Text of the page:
This approach is slowly fading as companies become aware that a more humanistic approach to managing their personnel delivers better results. However, it is still prevalent in many old-line companies.

(Side note. During times of high unemployment, companies and leaders with more autocratic tendencies tend to backslide into this mode as they know that fear of job loss brings compliance.)

The second option is employed much more frequently today. Companies have more experience with change and recognize the value of activities that lower resistance to change. The objective here is to move them as quickly as possible out the other side of change so that we can get back to business-as-usual. (Notice the Us vs. them?) It may be stretching the point a bit, but in this approach, the people are still seen as part of the problem, the people and the process need to be “fixed”. In this approach, management uses a bit more finesse to deal with the people problem. This approach might include increased communication about what we (the management) have decided to do and why.

The Achilles Heel of this approach is that it is still a tops-down approach. It works to make people change by applying a force from the outside of the people. It focuses on employees’ behavior, skills and actions and asks them to comply. It does not address internal motivation.

This approach leans in the direction of considering employees as targets of the change and the idea that they don’t have much value to contribute. They are still part of the problem.

The third option comes from a different point of view. The previous two options are trying to maneuver the current organization to do “the new thing”. The third option asks the question “What do I have to do to transform the current organization to a whole new level”. This is the same thought process as “Now that I have my vision, what do I need to do to energize my followers”. The solution is to collaborate with them.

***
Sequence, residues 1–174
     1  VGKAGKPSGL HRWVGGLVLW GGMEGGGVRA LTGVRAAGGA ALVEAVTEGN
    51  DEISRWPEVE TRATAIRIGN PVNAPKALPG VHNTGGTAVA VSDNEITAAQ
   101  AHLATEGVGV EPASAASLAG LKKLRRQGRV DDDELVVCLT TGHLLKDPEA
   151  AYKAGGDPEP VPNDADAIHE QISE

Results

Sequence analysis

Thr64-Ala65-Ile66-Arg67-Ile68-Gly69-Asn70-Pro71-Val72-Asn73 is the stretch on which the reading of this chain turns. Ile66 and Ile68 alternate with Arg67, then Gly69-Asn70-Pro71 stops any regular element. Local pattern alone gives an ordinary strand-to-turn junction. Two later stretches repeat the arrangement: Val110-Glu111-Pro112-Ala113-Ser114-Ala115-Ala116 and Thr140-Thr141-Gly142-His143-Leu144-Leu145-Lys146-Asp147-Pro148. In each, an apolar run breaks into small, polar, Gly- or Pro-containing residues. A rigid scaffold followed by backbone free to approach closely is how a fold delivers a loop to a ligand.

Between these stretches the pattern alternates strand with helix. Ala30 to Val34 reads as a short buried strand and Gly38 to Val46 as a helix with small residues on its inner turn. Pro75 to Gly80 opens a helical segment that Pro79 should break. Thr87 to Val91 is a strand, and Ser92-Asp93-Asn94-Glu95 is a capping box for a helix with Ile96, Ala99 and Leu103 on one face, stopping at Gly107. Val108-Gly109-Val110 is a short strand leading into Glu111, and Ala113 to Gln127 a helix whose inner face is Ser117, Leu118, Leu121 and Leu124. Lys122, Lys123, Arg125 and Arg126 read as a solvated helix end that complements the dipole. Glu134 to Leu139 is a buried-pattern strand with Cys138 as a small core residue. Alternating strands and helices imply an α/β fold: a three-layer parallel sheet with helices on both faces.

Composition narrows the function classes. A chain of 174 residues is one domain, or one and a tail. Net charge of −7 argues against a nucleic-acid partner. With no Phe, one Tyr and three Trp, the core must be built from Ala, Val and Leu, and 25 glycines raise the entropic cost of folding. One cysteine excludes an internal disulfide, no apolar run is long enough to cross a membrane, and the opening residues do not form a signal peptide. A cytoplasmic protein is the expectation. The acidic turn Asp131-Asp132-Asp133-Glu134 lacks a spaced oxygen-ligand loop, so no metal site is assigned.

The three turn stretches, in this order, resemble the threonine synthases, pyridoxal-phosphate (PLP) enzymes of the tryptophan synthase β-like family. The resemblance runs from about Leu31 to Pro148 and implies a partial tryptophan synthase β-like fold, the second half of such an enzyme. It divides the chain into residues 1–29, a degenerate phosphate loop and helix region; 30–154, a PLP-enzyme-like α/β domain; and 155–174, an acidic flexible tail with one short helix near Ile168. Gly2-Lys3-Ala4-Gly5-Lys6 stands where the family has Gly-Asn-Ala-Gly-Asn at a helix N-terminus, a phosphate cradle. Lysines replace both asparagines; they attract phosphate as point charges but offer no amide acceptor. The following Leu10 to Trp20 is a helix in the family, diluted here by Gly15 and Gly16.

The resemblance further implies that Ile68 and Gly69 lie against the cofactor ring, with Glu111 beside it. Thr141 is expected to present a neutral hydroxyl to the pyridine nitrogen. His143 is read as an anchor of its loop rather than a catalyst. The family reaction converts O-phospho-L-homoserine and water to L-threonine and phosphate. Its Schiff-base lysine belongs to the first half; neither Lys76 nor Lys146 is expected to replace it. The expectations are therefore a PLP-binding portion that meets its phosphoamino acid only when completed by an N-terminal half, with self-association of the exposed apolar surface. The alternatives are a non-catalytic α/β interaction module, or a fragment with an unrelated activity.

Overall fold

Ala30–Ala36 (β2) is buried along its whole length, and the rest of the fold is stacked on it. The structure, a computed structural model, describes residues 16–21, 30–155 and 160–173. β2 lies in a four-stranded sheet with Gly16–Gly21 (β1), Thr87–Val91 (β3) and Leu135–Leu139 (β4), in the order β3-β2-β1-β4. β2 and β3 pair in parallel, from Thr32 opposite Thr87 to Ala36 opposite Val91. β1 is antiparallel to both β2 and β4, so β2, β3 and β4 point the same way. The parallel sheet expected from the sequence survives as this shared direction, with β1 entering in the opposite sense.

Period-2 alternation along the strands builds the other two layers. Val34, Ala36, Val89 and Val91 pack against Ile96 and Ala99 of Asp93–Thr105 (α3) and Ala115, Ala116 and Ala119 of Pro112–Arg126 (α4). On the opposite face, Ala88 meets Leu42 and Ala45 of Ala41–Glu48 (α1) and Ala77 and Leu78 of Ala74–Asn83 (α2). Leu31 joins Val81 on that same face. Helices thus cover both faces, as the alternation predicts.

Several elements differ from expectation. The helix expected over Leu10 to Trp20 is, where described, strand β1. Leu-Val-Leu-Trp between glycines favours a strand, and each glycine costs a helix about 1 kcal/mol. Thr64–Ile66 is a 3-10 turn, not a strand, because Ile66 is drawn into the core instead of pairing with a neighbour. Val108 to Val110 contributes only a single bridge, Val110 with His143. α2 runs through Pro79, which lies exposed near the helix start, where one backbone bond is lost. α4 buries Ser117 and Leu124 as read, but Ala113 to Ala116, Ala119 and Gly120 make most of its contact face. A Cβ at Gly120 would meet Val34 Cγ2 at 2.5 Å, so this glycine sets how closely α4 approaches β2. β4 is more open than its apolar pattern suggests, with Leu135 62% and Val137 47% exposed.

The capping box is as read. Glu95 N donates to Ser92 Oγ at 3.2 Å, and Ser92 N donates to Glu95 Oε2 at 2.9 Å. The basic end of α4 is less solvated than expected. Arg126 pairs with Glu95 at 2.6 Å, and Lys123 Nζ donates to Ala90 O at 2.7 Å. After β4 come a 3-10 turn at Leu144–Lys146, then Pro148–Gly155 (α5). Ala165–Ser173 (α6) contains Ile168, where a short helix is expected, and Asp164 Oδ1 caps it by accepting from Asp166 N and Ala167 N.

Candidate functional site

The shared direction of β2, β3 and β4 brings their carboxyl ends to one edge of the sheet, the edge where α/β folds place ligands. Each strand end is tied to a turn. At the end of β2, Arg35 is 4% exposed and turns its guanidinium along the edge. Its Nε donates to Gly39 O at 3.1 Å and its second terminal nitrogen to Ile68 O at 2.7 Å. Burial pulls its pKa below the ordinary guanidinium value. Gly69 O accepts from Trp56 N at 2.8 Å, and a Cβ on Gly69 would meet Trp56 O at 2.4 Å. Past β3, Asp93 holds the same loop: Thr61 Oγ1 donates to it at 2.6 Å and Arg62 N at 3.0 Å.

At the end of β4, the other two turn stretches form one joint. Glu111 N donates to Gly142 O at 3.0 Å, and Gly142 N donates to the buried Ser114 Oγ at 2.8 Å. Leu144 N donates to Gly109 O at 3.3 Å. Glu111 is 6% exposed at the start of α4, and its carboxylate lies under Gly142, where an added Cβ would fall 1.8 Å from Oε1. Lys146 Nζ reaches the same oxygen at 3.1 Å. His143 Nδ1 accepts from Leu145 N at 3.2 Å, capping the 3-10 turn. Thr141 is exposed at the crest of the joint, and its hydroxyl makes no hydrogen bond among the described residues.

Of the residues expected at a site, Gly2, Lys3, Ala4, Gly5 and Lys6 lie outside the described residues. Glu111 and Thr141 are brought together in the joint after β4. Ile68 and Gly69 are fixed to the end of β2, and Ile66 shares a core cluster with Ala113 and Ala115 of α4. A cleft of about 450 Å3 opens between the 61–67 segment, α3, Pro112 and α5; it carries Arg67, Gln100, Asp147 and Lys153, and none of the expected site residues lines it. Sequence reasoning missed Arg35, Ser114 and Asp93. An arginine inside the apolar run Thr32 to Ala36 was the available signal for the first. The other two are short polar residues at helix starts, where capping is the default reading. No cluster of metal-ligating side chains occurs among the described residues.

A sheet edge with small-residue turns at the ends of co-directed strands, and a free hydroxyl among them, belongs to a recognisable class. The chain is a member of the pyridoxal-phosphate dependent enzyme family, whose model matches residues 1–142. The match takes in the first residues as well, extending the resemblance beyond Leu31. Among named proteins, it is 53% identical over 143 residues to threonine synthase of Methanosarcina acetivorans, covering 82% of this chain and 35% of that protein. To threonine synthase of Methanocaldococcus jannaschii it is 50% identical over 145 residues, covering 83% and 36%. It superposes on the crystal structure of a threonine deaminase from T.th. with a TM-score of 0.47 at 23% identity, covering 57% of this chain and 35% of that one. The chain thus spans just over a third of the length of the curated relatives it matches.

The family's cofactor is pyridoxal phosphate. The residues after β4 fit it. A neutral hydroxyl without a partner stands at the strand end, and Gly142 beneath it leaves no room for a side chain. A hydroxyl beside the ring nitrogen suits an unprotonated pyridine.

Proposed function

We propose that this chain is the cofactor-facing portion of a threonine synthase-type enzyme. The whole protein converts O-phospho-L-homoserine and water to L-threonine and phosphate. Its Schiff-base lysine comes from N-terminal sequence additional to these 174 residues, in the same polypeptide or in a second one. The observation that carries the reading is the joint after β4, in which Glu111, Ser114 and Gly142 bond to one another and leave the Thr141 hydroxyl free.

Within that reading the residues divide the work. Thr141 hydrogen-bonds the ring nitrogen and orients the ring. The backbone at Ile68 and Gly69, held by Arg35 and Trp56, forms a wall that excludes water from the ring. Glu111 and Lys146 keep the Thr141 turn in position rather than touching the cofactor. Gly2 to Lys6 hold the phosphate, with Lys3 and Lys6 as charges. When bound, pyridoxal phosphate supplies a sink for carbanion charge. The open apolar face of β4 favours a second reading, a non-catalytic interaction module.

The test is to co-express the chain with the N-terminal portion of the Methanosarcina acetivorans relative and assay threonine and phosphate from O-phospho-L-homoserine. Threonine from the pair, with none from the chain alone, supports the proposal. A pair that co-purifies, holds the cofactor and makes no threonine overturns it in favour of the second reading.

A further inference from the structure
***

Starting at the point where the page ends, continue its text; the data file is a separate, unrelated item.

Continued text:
A collaborative approach tells your people that we are all in this together and invites them into the change process to plan and implement the solutions. Participation will motivate most of your folks. They do the work every day. They know more about the details of the job than people higher in the organization. They will come up with ideas that you never thought of. When they know what needs to be accomplished and why this particular solution was chosen, resistance to the change is greatly reduced. The change moves forward with a much greater level of cooperation.

When you are considering a major change in your organization, make sure that management has the correct attitude toward involving your people. The resulting change effort will be of higher quality and have far fewer speed bumps.

Author's Bio: 

Bob Maitland is an experienced coach, consultant, educator and author who brings an uncommon insight to his clients. He creates practical solutions to help organization leaders to improve their impact. He learned his craft in the real world of competing priorities necessary to make the business succeed. He understands your challenges.
…and he knows what to do about it!